Turkiye, Qatar reach deal on Kabul airport security

KABUL (Agencies): Turkiye and Qatar have reached an agreement on ensuring security at Kabul’s main airport should they be awarded the mission amid ongoing talks with the Taliban government. Turkish diplomatic sources told Reuters that Ankara and Doha had agreed on a security framework for the airport mission, but added talks continued on other aspects such as financing.
“It is expected for the Taliban to ensure security outside, and for whoever runs the airport to ensure it inside,” one of the sources said. “The process is continuing constructively,” the person said on condition of anonymity.
They added that a delegation of Turkish and Qatari officials were holding talks on the issue in Kabul this week. Qatar’s state news agency said the Taliban government will be in Doha next week to “complete” discussions with Qatar and Turkiye over the operation and management of the airport. It added in a statement that delegations from Qatar and Turkiye have held two days of “intense negotiations” in Kabul this week over control of the airport.
Kabul’s international airport is landlocked Afghanistan’s main air link to the world. Following the August takeover of Afghanistan by the Taliban, Turkiye has said it would be open to operating it with Qatar but only if its security demands are met. Reuters has reported that the United Arab Emirates also held talks with the Taliban to keep the airport operational.
Afghans and foreign nationals fled the country through the facility when the Taliban took power in August following two decades of war. But many are still seeking to flee the nation which is facing the threat of winter food shortages and economic collapse.
Turkey to send 700 tons of aid to Afghanistan: President Recep Tayyip Erdo%u011Fan announced that Turkey will send a “train of kindness” to Afghanistan carrying humanitarian aid.
Speaking after a Cabinet meeting in the capital Ankara, Erdo%u011Fan said the train, carrying 700 tons of food, clothing, and health and emergency goods, would be sent to the struggling country with the support of 10 nongovernmental organizations (NGOs) under the coordination of Turkey’s Disaster and Emergency Management Authority (AFAD). Aid agencies describe Afghanistan’s plight as one of the world’s most rapidly growing humanitarian crises.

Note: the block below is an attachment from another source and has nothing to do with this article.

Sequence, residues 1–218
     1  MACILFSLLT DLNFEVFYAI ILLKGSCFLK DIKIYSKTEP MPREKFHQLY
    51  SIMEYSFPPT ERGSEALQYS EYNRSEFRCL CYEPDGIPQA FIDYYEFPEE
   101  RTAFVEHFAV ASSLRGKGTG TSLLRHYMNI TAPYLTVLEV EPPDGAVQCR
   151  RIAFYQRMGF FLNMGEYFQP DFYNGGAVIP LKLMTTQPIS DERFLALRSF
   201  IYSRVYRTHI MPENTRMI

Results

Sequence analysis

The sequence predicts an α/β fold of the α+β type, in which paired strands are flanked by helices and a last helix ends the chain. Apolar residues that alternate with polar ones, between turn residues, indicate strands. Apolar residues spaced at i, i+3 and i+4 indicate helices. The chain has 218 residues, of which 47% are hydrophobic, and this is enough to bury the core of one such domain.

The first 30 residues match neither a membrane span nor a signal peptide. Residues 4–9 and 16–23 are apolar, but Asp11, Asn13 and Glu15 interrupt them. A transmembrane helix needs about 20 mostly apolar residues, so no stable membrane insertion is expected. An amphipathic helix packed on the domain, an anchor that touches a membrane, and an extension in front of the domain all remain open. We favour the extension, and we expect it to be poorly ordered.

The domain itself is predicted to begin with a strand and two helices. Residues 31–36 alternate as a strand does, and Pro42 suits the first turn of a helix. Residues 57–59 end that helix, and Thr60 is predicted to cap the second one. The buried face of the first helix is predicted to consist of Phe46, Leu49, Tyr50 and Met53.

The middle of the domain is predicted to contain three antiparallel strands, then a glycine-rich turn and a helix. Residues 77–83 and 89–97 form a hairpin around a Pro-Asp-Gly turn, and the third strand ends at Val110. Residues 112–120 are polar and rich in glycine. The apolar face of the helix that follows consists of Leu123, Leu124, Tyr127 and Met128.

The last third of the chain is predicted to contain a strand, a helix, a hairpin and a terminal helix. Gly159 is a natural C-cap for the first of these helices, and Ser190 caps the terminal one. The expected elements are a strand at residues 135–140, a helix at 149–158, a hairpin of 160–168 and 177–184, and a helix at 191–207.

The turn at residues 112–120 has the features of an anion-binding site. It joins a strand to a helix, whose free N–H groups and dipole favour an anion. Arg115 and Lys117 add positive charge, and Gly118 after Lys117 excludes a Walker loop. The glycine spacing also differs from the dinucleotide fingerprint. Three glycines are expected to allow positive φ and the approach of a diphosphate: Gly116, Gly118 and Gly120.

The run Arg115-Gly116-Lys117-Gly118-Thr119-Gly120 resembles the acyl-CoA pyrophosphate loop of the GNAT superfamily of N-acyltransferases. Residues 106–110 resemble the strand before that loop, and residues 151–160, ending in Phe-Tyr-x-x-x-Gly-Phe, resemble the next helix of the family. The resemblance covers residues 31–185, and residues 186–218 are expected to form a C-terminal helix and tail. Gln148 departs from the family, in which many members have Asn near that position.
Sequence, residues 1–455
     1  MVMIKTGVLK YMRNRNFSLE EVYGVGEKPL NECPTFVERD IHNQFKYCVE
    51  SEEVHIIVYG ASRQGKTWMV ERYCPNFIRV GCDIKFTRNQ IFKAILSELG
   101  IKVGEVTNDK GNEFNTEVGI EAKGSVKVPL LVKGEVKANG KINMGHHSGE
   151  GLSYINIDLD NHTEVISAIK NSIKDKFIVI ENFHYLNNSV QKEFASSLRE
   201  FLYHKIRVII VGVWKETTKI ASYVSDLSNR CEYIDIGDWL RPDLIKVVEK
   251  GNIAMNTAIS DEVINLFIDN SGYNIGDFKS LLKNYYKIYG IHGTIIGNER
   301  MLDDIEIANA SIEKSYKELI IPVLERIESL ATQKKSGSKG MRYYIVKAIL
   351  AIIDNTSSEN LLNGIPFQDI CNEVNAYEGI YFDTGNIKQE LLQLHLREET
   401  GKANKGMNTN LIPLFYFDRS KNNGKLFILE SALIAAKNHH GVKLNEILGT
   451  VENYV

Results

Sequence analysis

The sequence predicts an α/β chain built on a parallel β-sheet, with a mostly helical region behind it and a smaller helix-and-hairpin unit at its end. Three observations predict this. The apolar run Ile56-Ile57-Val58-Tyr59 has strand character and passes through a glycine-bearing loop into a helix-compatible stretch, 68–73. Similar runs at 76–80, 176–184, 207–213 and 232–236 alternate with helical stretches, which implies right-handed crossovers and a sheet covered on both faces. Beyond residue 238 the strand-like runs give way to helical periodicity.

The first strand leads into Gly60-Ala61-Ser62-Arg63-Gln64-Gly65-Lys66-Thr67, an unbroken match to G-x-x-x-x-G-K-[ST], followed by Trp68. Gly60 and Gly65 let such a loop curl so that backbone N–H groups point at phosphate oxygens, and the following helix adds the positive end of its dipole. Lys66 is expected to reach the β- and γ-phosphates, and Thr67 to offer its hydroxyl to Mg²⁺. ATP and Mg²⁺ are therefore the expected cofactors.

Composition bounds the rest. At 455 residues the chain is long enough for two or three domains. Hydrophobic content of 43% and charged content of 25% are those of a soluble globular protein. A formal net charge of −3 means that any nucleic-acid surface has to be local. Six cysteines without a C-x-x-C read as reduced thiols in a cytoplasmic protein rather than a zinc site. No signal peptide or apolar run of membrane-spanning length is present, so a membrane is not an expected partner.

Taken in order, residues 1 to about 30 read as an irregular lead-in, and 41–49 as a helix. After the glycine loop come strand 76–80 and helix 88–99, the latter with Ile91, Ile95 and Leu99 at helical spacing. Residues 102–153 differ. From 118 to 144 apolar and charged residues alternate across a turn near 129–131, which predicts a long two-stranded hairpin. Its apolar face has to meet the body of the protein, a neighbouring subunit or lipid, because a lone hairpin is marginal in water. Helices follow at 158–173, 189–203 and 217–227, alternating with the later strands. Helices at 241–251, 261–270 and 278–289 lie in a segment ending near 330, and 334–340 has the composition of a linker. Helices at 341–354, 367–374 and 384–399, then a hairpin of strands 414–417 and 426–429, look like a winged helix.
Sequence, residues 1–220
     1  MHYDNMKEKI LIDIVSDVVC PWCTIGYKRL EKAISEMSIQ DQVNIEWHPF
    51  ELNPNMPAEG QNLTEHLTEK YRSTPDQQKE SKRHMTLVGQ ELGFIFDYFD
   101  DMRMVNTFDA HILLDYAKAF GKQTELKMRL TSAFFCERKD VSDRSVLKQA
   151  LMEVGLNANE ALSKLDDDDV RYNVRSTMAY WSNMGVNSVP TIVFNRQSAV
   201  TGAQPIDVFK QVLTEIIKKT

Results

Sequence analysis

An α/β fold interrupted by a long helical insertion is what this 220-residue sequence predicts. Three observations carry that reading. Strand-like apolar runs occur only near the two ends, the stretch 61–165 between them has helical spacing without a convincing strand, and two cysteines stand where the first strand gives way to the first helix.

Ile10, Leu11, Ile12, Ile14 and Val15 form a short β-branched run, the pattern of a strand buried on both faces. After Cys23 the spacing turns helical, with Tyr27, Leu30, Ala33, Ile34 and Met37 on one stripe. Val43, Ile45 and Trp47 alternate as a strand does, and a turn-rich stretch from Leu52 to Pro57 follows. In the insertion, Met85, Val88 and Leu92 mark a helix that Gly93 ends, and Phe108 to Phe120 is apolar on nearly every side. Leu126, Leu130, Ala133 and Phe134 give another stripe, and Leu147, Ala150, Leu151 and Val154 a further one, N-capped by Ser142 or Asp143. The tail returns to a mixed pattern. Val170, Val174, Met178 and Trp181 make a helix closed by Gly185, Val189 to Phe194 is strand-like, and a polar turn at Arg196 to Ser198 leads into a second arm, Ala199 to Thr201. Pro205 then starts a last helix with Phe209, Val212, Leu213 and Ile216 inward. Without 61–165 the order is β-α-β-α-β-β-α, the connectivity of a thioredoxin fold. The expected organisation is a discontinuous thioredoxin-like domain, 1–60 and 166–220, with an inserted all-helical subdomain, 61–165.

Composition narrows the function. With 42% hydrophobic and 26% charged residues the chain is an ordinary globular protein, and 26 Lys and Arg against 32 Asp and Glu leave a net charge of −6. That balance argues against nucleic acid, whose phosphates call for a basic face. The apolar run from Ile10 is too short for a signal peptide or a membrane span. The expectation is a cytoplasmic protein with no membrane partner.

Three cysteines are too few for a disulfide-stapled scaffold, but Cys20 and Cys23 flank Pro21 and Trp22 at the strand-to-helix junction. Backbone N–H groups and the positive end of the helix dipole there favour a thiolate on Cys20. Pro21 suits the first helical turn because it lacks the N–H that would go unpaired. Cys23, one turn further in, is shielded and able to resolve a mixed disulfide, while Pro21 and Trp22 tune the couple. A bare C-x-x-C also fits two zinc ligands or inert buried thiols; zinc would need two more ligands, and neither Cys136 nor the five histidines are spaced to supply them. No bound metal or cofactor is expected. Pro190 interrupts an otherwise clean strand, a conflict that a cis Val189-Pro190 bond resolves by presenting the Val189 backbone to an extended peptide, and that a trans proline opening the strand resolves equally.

According to the United Nations Office for the Coordination of Humanitarian Affairs (OCHA), half the population now faces acute hunger, over 9 million people have been displaced and millions of children are out of school. Last week, the U.N. and its partners launched a $4.4 billion (TL 59 billion) funding appeal to avert a humanitarian catastrophe in Afghanistan in 2022.
U.N. chief Antonio Guterres has warned that millions of Afghans are on the verge of death, urging the international community to release Afghanistan’s frozen assets and jump-start its banking system. Erdo%u011Fan also commented on the economic situation in Turkey, saying there would be a “very different picture” of the country next year. He vowed to continue pursuing goals for a stronger future.
Mentioning the recently announced system to protect Turkish lira deposit accounts from foreign exchange fluctuations, he noted that deposits had reached TL 163 billion ($12.16 billion). In December, the U.S. dollar to lira exchange rate neared 20. But after the new system was announced, the lira gained significant value with a substantial decline in domestic interest in foreign currency.
Turkey also seeks to persuade people to put their gold into the financial system, the president added. He said with the support of the country’s Credit Guarantee Fund, preparations are near completion for a package designed to provide employment protection and develop priority loans. “We ask for your support to make Turkey a place where everyone does their work and holds their savings in Turkish liras,” he added.
Meanwhile, commenting on his recent annual meeting with European Union envoys, Erdo%u011Fan said they assessed the past and current state of ties between Turkey and the bloc, discussed points of impasse and proposed ways to resolve them.